The more you are building these associations in the brain, the less prone to dementia and Alzheimer’s you will be. We already know from the research of Barbara Fredrickson and positive affect that one of the outcomes of psychological capital is this buffer zone that we build against the negative.

This “buffer zone” has great significance. It engages when you experience threat and negativity; these mind states simply don’t impact you so quickly and for so long. It’s a buffer zone between Immunitynot only you and negativity, but also a buffer for the immune system as well.

That buffer system is a kind of immunology that is protecting you against disease.

This buffer of psychological capital is being built up because you’re “drumming” the positive and staying in an UpSpiral.

You’ve built a buffer that makes you much more resistant to disease and much more resistant to the things that make you sick.

I can remember years and years ago, when I would get in a negative state, when things would start to bother me, and I would start to be afraid, and I would start to worry and be anxious – usually about things in the future that might happen, that rarely, if ever, did happen.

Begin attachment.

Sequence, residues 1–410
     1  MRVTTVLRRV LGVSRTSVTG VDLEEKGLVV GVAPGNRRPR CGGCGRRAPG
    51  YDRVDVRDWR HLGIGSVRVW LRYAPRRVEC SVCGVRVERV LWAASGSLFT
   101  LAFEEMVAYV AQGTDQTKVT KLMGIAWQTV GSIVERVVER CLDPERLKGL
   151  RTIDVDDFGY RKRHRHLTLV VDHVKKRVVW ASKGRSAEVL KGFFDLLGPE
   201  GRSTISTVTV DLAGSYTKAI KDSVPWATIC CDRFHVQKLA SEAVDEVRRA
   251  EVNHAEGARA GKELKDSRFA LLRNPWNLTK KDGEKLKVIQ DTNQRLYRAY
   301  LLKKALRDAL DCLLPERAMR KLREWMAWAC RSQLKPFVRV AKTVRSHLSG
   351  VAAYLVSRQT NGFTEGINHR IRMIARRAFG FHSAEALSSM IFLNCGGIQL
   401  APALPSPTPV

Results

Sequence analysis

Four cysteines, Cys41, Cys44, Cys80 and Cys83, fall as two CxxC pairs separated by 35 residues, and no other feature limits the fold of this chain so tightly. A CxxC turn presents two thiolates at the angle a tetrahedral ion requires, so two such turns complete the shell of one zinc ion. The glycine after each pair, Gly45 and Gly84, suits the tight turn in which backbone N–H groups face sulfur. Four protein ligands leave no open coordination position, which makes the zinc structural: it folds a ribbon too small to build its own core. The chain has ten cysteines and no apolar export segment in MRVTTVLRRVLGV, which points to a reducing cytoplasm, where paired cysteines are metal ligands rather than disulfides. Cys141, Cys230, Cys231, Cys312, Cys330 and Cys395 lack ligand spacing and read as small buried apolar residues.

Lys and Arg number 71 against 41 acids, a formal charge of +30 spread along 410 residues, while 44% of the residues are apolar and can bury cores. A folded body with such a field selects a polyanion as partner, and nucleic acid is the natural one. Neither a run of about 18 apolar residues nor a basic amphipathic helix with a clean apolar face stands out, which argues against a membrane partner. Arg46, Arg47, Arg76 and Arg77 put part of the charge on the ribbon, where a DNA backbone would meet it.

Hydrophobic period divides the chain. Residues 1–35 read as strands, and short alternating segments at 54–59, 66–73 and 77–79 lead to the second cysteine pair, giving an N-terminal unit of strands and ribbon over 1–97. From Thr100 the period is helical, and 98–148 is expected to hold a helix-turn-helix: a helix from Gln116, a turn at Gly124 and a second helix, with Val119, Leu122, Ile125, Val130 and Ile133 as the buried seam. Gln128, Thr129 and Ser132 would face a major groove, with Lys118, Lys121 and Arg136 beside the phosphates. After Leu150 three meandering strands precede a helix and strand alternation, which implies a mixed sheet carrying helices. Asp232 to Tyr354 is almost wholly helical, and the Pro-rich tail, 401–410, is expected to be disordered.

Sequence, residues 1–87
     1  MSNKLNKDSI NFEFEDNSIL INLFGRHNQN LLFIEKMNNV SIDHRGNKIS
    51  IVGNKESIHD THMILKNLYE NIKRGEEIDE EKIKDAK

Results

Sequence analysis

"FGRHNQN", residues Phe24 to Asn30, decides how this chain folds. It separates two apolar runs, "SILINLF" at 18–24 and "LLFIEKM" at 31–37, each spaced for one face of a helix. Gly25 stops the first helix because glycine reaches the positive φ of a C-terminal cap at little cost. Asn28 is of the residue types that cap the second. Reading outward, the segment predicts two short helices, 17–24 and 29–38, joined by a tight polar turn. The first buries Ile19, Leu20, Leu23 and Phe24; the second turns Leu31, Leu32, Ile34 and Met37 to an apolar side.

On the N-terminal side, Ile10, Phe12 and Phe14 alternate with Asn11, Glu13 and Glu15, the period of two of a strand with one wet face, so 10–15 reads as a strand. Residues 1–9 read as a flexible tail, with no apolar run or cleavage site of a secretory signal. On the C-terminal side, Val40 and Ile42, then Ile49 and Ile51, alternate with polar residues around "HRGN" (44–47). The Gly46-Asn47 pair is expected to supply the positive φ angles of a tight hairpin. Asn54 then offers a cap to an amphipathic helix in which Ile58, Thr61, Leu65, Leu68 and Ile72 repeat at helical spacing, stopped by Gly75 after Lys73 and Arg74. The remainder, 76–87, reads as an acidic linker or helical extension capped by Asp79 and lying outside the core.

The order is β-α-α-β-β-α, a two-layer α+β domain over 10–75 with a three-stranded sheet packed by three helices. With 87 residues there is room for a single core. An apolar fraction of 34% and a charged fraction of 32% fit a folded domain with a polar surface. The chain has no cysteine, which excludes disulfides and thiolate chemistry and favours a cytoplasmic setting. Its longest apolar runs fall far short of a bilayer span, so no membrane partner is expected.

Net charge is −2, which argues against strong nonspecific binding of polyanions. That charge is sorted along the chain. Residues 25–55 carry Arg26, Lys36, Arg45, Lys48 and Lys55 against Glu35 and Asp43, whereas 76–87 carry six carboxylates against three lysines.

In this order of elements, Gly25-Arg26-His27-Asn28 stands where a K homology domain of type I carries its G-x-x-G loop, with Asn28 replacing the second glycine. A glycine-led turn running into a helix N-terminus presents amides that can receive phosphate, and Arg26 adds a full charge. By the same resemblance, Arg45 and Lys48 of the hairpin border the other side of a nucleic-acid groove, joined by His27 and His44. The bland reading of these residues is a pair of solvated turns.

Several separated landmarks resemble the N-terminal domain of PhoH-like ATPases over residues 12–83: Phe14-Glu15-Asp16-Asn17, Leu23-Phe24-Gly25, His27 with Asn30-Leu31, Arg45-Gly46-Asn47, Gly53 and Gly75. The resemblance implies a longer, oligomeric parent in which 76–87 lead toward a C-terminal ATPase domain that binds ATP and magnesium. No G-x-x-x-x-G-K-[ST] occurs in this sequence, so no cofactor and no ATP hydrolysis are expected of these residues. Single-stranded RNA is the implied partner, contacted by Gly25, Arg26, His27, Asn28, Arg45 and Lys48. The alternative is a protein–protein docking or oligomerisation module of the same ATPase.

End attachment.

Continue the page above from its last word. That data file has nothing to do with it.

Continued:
It was nothing to have a negative mood last for perhaps five or six days, to be in a negative state, and then maybe for it to start breaking. It really was something of a learned cycle.

Ole MeThere was little or no psychological capital built up in me to deal with worry and stress.

There was certainly no intention to be and remain in a positive state as a normal, everyday way to live my life.

I never go there anymore, and if I do go there in some rare circumstance, it is very short-lived.

 

About the author

Dr. William K. Larkin
  • joseph967

    I’m grateful for this educational post,I started to beat my self up on how I could really improve my insight on the blogs . This Joe needs to get back into the flow. Thanks much appreciated .